For occultists, UFO conspiracy theorists, Atlantis enthusiasts, and eccentric spiritual types of all kinds, the story of Noah provides some tantalizing material.
According to the book of Genesis, Noah’s great-grandfather Enoch lived to be 365 years old before he “walked with God: and he was not; for God took him.” “Nephilim” roamed the land while the “Sons of the Elohim” took human women as wives, siring “mighty men which were of old, men of renown.” Noah himself, a lone righteous man in a corrupt society, heard the voice of God and saved himself, his family, and two of each animal from the flood brought on by the evils of humanity.
In a few chapters, the Bible describes a strange primordial world in which people live to be hundreds of years old, extraterrestrial beings invade Earth, and a wrathful God speaks to the devout while obliterating the rest of humankind.
There’s enough here not just for a lifetime of self-published books explaining the true origins of humanity — were the Nephilim, in fact, “ancient aliens”? — but also for a great Hollywood movie. What better fits the blockbuster aesthetic than ancient landscapes mixed with sci-fi speculation, sword-and-sandals action with Lovecraftian horror? Despite the disappointments of similar projects — the “Stargate” flicks, say, or Ridley Scott’s “Prometheus” — it’s a movie I’d like to see.
Unfortunately, Darren Aronofsky’s “Noah,” starring Russell Crowe in the title role, is not that movie.
Aronofsky would seem well suited to plumb the depths of biblical weirdness. In his first feature, the black and white “Pi” (1998), he showed a young mathematician going crazy in his Chinatown walkup while trying to figure out the numerical pattern underlying all of creation. In “The Fountain” (2006), he blended a voyage to the mythical Mesoamerican underworld of Xibalba with the story of a cancer researcher trying to save his dying wife. Aronofsky’s previous movie, “Black Swan” (2010), portrayed the terrifying conflation of art and reality in the mind of a ballerina dancing the lead in “Swan Lake.”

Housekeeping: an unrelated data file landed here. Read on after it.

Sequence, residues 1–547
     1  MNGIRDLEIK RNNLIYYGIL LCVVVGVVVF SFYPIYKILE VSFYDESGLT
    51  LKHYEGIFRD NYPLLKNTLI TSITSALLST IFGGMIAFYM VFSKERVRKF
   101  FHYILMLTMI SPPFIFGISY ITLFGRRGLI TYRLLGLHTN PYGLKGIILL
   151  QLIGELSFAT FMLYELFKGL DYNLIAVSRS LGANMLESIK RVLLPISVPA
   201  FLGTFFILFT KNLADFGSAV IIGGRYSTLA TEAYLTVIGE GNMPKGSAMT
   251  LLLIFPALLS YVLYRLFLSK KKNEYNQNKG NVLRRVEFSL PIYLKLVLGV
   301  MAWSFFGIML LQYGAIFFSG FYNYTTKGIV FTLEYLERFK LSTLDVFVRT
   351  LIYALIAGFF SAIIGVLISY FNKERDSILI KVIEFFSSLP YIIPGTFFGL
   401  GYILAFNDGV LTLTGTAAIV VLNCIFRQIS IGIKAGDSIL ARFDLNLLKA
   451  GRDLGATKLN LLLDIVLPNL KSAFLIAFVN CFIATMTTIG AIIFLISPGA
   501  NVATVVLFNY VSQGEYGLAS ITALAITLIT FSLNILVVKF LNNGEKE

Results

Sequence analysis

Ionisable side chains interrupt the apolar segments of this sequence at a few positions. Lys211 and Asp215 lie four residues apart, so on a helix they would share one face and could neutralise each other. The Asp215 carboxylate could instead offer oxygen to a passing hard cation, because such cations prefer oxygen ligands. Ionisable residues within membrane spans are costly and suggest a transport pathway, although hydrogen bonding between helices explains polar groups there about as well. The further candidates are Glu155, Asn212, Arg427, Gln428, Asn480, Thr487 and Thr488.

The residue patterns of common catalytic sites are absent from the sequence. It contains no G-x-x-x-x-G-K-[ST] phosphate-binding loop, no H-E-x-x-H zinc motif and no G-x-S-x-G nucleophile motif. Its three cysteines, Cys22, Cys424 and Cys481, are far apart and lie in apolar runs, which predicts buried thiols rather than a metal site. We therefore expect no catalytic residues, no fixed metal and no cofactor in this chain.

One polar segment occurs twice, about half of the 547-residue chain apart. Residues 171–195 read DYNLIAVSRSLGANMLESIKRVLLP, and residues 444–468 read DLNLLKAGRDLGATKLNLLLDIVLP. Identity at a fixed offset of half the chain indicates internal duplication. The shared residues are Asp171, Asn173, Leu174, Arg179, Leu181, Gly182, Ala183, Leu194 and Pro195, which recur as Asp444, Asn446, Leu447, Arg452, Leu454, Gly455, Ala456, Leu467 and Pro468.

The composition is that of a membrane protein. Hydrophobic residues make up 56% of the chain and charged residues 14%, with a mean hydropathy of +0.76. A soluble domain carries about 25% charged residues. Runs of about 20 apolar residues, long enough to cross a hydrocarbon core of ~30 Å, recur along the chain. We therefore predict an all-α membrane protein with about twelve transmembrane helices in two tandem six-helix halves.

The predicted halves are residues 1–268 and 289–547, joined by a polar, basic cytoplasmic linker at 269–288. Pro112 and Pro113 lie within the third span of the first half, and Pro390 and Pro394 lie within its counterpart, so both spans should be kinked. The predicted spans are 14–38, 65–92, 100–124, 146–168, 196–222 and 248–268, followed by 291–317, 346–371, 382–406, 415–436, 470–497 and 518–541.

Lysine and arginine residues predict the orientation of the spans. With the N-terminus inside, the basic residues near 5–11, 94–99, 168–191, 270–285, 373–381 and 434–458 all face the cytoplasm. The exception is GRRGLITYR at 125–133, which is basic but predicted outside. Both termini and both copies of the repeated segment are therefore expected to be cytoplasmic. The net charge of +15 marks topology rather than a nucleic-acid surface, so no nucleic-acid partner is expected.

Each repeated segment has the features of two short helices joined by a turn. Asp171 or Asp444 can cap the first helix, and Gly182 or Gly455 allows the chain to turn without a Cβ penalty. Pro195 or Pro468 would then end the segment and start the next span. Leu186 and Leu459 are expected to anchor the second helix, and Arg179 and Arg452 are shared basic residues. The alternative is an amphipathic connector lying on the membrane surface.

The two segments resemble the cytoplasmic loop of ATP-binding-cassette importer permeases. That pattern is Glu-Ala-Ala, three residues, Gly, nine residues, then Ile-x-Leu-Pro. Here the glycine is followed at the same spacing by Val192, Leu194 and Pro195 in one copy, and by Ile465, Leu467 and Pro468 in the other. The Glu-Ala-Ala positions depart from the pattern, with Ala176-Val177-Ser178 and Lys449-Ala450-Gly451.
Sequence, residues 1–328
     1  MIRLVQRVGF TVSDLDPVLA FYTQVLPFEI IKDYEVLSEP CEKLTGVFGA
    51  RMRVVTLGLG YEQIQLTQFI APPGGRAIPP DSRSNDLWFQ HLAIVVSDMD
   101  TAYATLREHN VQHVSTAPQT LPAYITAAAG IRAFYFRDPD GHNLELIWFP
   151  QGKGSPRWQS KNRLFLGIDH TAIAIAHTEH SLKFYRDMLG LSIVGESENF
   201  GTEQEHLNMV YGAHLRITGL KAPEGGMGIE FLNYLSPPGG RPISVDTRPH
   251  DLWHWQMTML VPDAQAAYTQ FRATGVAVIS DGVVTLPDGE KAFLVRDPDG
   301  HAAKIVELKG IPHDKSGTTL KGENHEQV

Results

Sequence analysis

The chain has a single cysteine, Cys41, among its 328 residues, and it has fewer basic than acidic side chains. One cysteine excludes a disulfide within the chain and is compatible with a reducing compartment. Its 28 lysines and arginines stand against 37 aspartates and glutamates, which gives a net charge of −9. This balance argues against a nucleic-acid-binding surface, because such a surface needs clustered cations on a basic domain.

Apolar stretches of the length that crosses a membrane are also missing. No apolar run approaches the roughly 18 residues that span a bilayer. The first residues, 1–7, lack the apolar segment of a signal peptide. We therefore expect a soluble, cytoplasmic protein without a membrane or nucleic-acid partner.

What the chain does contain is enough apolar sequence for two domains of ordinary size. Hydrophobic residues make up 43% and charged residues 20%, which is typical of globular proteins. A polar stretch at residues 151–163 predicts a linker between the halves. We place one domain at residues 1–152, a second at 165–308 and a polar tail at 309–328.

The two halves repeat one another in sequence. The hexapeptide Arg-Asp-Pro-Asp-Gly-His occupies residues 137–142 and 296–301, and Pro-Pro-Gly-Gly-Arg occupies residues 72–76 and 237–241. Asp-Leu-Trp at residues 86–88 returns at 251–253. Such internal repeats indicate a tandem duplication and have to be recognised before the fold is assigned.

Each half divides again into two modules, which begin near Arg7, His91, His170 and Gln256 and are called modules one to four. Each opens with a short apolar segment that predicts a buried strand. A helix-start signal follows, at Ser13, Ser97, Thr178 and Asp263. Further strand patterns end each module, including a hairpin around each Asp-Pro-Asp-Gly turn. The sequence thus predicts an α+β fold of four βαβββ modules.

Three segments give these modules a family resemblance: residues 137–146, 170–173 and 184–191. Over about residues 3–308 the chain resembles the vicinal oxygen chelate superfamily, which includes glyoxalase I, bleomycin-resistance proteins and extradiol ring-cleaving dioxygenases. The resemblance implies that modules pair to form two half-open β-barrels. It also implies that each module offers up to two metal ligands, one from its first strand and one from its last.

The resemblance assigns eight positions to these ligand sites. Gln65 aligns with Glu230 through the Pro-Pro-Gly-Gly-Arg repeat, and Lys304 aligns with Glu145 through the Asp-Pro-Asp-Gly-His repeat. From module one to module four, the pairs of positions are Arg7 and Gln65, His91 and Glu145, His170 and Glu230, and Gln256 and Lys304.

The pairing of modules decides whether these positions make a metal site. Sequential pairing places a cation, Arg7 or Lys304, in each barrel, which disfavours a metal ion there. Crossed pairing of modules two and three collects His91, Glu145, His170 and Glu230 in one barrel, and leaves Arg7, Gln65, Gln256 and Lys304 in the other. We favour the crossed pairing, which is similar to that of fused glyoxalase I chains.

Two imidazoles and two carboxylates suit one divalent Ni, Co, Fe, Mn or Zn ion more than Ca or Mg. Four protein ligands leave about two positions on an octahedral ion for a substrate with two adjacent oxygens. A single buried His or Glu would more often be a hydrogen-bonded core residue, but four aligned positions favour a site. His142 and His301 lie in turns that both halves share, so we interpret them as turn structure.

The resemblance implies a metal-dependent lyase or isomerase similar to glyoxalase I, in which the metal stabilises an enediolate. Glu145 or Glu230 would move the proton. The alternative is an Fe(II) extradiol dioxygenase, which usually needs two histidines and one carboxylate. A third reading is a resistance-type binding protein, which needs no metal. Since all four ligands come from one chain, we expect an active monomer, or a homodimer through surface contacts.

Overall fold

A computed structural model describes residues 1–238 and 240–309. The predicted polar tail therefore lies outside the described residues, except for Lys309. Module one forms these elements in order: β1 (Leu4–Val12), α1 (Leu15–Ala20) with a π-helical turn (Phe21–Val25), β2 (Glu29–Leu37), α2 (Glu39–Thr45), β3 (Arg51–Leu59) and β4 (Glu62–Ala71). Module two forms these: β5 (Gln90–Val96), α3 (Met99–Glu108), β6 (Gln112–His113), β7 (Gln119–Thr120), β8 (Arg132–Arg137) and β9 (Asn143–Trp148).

In “Noah” too there are traces of this obsession with madness and mysticism. Here, after all, is a character who envisions the destruction of the world by water — and Crowe does a fine job as the tormented, increasingly fanatical messenger of “The Creator.” (The movie does not, notably, use the word “God.”) But “Noah” is not a psychological character-study in the manner of “Black Swan,” nor does it weave together otherworldly myth with this-worldly struggle, as in “The Fountain.”